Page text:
PORTUGAL IS among 10 European Union countries which have the highest percentage of people aged over 55 in work.
According to an EU Commission study, 50.1 per cent of people aged between 55 and 64 are in work.
The average EU employment rate among the 55 to 64 age group bracket has risen from 30 per cent in 2001 to 44 per cent in 2006.
Almost all member states are taking measures to encourage employees to put off retirement, but, claims the Commission, it isn’t enough.
“Active (employment) inclusion measures such as pension reforms and tax incentives have improved the incentive to remain in work past 55 but even so more people need to stay in work,” states the report.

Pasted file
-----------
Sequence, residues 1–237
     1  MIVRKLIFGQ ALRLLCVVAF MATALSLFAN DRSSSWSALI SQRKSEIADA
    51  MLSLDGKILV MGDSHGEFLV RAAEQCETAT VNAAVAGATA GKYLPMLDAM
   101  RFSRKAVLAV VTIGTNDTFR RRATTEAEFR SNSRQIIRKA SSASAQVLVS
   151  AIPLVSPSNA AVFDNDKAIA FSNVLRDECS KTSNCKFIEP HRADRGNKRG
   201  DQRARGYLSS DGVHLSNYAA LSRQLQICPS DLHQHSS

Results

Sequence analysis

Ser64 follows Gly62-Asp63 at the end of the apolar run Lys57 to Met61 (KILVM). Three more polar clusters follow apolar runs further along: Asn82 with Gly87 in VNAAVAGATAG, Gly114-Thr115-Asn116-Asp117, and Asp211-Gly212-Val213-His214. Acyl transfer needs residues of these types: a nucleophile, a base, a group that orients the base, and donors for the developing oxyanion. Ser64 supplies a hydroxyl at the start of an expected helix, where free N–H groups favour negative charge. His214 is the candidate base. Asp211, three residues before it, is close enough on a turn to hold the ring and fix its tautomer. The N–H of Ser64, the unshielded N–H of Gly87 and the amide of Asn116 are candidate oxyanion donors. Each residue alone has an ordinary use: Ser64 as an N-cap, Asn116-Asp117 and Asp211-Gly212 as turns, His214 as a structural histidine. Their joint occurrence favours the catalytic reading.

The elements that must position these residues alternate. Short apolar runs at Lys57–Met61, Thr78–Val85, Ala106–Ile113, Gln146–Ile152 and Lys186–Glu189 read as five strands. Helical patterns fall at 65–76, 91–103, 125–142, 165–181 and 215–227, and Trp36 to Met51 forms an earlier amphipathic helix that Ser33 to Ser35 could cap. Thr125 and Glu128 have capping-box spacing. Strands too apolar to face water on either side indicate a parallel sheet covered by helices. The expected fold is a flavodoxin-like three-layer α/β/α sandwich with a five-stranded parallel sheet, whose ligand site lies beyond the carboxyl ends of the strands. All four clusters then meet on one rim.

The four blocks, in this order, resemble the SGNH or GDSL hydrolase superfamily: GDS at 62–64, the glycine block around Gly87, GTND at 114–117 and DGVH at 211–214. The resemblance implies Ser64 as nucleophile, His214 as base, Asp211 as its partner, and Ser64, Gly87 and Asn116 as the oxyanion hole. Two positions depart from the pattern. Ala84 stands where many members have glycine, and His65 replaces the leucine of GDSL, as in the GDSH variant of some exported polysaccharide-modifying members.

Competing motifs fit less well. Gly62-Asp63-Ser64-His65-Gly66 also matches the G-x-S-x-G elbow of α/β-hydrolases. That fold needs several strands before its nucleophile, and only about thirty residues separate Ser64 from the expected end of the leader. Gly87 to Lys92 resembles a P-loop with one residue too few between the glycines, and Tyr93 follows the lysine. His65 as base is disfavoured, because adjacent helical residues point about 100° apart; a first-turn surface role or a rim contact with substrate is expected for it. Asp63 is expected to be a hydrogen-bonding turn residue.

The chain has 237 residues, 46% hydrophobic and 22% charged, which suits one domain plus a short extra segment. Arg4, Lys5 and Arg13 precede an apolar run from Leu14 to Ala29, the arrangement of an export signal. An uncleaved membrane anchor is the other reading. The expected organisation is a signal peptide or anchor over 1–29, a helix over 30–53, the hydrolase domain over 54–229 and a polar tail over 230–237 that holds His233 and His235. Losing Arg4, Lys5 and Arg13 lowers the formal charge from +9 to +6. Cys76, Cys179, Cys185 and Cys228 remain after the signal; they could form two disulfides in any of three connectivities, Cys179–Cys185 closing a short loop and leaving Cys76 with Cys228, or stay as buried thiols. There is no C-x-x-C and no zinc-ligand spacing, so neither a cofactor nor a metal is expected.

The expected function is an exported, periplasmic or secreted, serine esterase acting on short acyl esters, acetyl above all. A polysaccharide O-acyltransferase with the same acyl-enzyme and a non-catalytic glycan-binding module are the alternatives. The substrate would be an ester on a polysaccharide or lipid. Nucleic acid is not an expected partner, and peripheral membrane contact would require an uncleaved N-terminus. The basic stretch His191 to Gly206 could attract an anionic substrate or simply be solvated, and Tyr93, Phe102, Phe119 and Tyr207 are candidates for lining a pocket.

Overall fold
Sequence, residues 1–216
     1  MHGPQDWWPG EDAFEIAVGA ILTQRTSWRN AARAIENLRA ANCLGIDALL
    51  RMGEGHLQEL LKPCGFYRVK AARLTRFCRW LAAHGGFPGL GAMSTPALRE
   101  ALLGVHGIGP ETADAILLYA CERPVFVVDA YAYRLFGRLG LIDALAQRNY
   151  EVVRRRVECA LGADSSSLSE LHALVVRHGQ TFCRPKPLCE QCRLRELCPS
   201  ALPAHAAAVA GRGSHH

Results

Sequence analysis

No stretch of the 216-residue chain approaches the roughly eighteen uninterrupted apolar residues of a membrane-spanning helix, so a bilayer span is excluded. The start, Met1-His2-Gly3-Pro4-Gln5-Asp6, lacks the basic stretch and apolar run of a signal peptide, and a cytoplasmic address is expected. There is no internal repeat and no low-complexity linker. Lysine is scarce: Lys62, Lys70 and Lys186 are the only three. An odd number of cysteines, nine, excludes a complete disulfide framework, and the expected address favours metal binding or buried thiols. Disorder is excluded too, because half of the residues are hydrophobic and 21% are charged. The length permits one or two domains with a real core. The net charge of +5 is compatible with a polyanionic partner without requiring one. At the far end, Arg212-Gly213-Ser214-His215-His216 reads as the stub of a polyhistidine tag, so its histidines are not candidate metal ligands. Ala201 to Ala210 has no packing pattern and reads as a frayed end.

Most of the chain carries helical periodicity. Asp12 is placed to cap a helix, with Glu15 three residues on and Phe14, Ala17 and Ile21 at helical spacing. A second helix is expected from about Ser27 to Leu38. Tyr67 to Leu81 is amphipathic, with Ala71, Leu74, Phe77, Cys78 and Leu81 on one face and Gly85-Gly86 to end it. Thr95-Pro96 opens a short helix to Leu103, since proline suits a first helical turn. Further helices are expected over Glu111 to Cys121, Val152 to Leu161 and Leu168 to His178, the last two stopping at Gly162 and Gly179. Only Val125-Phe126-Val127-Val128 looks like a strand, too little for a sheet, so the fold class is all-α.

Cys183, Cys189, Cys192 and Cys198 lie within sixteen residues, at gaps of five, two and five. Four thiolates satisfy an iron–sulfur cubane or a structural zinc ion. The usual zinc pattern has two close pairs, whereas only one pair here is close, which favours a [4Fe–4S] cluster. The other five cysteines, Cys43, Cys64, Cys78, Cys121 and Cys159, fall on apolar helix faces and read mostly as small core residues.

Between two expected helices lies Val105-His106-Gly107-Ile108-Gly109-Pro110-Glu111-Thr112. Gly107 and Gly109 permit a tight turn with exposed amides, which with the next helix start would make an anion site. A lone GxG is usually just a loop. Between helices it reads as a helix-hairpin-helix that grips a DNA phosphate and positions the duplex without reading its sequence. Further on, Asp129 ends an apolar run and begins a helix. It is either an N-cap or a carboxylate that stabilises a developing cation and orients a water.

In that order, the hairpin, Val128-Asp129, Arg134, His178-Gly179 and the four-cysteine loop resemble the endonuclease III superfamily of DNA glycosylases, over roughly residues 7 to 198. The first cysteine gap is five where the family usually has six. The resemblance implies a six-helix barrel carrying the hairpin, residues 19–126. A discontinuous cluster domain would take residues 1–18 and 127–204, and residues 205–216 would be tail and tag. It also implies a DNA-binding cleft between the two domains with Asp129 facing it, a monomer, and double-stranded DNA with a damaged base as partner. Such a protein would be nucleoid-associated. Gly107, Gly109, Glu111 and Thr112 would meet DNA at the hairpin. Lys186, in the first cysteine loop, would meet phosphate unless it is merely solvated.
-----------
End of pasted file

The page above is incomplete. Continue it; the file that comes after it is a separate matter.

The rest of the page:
This is because pension funds have not performed so well in recent years, social security and state pension funds have fallen in real terms in the past 20 years as birth rates fall and the baby boom generation of the 1960s reaches pensionable age over the next 20 years.
The EU has defined as its goal for 2010 that each member state should have at least 50 per cent of its 55-64 age groups in gainful employment.
Sweden has the highest number of working oldies (69.6 per cent), followed by Denmark (60.7 per cent), Estonia (58.5 per cent), the United Kingdom (57.4 per cent), Finland (54.5 per cent), Cyprus (53.6 per cent), Lithuania (53.3 per cent) and Ireland (53.1 per cent).
Poland stood at the bottom of the pile with 28.1 per cent, while Malta had 30 per cent and Belgium 32 per cent.
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